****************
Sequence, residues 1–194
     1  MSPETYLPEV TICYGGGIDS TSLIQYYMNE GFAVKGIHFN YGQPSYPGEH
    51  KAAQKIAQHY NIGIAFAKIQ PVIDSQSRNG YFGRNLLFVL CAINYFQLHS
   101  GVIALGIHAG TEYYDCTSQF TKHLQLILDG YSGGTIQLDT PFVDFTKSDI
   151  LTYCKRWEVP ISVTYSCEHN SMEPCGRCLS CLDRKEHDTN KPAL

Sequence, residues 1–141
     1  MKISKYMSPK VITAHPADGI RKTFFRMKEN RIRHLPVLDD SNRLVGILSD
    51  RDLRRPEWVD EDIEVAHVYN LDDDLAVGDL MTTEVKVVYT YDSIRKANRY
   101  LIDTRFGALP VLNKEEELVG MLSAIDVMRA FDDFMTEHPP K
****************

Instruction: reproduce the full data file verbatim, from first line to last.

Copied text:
Sequence, residues 1–194
     1  MSPETYLPEV TICYGGGIDS TSLIQYYMNE GFAVKGIHFN YGQPSYPGEH
    51  KAAQKIAQHY NIGIAFAKIQ PVIDSQSRNG YFGRNLLFVL CAINYFQLHS
   101  GVIALGIHAG TEYYDCTSQF TKHLQLILDG YSGGTIQLDT PFVDFTKSDI
   151  LTYCKRWEVP ISVTYSCEHN SMEPCGRCLS CLDRKEHDTN KPAL

Sequence, residues 1–141
     1  MKISKYMSPK VITAHPADGI RKTFFRMKEN RIRHLPVLDD SNRLVGILSD
    51  RDLRRPEWVD EDIEVAHVYN LDDDLAVGDL MTTEVKVVYT YDSIRKANRY
   101  LIDTRFGALP VLNKEEELVG MLSAIDVMRA FDDFMTEHPP K